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Raising capital: Catching an investor's eye

Illustration: Sam Griffin

For small-to-medium sized enterprises, it takes more than just a well-rehearsed sales pitch to catch and keep the eye of a cashed-up suitor.

Private equity investors are prepared to make sizeable investments in established businesses that are geared for future growth.

The competition for suitable business partners is hot, so it’s worthwhile making sure your business is the most attractive option in a sea of worthy competitors.


Business operators and owners need to have a clear strategy for the future to woo investors and secure their interest in a long-term relationship.

Also, they must be clear on how the funds will be used and be able to demonstrate the advantage of their strategy over their competitors.

In short, an investor wants clear reasons why they should commit funds to your business. What’s the expected return on their investment? Over what timeframe? Do you already have the ‘runs on the board’? And is there a defined exit strategy?


The private equity investment process can be a rocky road for business owners. For many people, their business is their life and they can understandably be very emotional about its future.

While a strictly objective view of your enterprise is imperative when courting investors, it’s difficult because sometimes you’re so immersed in the day-to-day activities that you can’t see the forest for the trees. Seeking advice from an independent advisor is essential. Although owners and operators usually have the ideas to take their business to the next level in, say, five years, they need help to develop the strategy and financial plans to get them from A to B.


While private equity investors can assist SMEs entering a growth stage, business owners have to be prepared for the realities of this form of ‘active investment’ – things will change.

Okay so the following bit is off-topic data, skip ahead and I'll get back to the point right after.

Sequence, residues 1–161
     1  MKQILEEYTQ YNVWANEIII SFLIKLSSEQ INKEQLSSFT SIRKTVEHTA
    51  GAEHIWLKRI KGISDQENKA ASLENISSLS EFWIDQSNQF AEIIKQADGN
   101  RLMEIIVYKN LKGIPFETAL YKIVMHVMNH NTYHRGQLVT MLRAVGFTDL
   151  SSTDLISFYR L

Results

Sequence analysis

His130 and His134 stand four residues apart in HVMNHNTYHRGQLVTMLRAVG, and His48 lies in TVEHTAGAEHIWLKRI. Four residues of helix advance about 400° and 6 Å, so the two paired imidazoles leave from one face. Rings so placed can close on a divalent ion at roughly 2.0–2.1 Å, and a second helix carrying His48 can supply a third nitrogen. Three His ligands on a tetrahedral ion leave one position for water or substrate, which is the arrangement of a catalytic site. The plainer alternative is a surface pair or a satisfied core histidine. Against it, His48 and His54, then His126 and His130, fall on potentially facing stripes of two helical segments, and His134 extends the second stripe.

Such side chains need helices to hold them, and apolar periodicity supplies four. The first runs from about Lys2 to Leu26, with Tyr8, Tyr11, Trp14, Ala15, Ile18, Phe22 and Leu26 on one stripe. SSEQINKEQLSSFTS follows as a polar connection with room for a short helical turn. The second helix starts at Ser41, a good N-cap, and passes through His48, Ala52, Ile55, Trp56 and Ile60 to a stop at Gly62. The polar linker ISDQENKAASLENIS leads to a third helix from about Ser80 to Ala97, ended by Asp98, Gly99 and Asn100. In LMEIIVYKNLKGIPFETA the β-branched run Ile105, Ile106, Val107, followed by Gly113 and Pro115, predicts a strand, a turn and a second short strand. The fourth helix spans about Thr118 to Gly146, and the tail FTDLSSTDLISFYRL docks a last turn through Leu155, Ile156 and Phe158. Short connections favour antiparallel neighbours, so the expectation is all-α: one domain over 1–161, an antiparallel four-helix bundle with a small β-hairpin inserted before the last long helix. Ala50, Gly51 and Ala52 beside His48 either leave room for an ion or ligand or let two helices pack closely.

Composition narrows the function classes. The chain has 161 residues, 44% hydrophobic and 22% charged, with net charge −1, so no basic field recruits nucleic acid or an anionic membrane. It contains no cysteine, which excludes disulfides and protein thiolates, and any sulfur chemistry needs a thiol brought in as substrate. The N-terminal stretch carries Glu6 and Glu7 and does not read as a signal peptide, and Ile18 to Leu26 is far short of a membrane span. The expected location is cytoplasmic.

Private equity investment brings with it a number of conditions that might not sit comfortably with some people, such as having input from outside parties into the day-today running of your business.

My advice to owners and operators seeking growthstage capital is to prepare for the rigorous due-diligence process and avoid some common mistakes, which include underestimating the amount of information required by the potential shareholder.


When you think about the size of the investment that private equity funds are willing to make, it’s surprising how many proposals lack a definitive business strategy.

When preparing investment submissions, SMEs should consider their proposal from the investor’s perspective and seek professional assistance for an objective and experienced viewpoint.

Understandably, would-be investees tend to be over-optimistic about forecasts, but investors can see straight through this. Take the time to carefully consider the investor’s requirements because this will form the basis of your investment proposal.


A good investment proposal from an established SME will outline its success to date and its business development strategy, including the concept, product development tactics, infrastructure, marketing and management structure.

You, the investee, should also consider:

  • an exit strategy
  • the potential market opportunity
  • resources required to execute strategy
  • funding requirements and the use of funds raised
  • core competencies and competitive advantage

Primarily, investors are motivated by the potential return on their investment and their potential exit strategy.

Here’s what investors are looking for:

  • attractive and realistic returns
  • a clear exit strategy
  • strong track record
  • thorough strategic development
  • clear plans for your business’ direction
  • an understanding of the due diligence process

Prepare a solid, honest strategy with assistance from an objective third party and be truthful with yourself about how the investment will change your business.

Most importantly, you’re embarking on an exciting new phase of your business’ development, so enjoy the evolution.

Mark Watson is a partner in the Corporate Finance division of business advisory firm mhm and can be contacted at [email protected]

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